The fox didn’t know it was tame.
I fed the fox; I provided the environment.
Just don’t hurt the cats, I warned.
The fox was unaware it was tame.
It sat on the deck when it snacked on what I gave him.
Beneath the deck small birds pecked at the grasses.
The fox has pretty black legs and a red, curt body.
Sweet ambivalence! And with such sharp teeth!
The fox behaved like a fox, ignored
my one request, so I don’t feed him anymore.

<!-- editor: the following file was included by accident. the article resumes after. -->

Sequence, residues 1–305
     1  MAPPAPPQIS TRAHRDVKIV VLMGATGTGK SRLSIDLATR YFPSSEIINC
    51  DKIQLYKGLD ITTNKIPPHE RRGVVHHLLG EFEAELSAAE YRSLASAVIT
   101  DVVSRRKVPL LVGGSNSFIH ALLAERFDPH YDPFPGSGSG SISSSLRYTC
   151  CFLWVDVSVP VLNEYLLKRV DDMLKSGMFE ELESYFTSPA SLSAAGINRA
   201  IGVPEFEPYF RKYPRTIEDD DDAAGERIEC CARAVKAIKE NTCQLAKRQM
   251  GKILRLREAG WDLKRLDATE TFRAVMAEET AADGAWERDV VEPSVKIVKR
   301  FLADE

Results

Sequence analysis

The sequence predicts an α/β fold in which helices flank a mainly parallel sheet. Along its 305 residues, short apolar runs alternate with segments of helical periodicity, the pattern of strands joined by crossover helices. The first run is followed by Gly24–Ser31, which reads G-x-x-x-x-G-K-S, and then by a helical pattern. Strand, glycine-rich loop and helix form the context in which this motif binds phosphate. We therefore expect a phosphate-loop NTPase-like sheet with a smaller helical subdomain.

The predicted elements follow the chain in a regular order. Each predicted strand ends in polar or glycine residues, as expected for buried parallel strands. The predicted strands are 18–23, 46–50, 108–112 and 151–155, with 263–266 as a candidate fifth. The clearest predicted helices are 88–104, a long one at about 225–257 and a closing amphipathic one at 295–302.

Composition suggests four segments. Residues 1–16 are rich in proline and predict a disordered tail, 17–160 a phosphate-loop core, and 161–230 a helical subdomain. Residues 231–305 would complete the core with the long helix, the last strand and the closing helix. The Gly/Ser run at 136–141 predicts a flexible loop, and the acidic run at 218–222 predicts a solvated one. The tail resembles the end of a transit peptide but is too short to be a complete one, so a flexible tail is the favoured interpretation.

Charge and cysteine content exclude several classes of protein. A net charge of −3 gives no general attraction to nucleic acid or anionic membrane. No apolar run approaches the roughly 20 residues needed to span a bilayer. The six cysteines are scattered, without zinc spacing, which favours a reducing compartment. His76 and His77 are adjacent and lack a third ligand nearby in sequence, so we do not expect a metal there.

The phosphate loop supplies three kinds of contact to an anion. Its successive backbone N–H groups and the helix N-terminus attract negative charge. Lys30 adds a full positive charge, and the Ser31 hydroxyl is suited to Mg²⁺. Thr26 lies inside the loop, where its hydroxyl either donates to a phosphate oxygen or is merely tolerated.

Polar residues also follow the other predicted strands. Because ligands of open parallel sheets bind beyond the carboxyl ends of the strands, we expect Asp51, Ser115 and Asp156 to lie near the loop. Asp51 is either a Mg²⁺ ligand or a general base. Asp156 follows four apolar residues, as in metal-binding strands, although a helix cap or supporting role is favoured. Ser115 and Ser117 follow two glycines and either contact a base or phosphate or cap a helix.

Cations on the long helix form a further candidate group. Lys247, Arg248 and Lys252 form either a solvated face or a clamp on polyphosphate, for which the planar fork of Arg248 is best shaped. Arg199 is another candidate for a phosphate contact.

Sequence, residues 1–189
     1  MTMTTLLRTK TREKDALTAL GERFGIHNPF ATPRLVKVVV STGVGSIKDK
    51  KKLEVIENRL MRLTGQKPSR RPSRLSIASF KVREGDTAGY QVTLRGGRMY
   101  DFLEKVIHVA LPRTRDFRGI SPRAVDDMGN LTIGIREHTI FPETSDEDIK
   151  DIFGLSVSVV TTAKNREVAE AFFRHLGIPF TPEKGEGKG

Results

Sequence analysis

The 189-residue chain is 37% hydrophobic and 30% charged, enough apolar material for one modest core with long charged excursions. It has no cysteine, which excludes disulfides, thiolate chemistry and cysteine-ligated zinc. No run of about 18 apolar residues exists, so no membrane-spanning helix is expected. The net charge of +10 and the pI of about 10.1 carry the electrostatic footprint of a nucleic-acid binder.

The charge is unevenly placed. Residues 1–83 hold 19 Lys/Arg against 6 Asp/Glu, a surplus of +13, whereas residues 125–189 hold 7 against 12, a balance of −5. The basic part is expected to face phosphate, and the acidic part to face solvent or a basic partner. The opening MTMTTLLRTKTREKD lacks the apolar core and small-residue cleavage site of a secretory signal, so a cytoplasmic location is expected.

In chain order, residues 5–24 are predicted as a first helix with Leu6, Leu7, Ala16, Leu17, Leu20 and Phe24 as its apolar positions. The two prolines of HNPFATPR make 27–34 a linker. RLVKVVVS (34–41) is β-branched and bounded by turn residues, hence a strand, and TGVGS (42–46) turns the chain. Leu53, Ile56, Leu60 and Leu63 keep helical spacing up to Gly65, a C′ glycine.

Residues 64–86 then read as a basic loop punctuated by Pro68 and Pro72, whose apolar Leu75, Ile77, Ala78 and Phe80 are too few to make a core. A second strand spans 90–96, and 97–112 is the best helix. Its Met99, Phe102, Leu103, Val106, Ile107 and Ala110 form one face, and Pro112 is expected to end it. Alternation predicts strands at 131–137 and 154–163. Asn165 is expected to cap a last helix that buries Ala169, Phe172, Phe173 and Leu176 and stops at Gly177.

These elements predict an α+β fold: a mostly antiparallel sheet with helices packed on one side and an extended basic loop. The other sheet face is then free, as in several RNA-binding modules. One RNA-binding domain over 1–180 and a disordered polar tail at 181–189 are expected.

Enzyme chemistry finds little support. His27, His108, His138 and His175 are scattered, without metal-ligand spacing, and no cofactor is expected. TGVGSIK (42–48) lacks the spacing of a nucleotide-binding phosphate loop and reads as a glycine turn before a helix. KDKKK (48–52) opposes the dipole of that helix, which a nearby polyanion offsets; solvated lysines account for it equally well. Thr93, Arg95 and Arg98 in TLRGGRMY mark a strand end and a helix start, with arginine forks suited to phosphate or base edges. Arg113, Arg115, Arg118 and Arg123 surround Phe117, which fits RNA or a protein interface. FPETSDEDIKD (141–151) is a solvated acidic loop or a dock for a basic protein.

What are the signs of the world falling?
1) I don’t open the door
2) A dry mouth, a parched tongue 3) The hunger
4) I disappear. It is colder as the season changes.
Whatever provided the daily bread no longer provides;
the hungry birds are bound for a thinning,
the scattered moles. Even my beautiful fox has bones,
severe and sour in the lamentable, angry,
exacting eye of autumn. At the root of the tale,
regret shifts her legs in bitter steps; she pretends not to notice
the languishing everywhere. Take care. Be well!
Bon voyage! Something or someone has turned the head
on the neck of giving. The fox had no idea
what it was to be wild, to be abandoned to wilderness.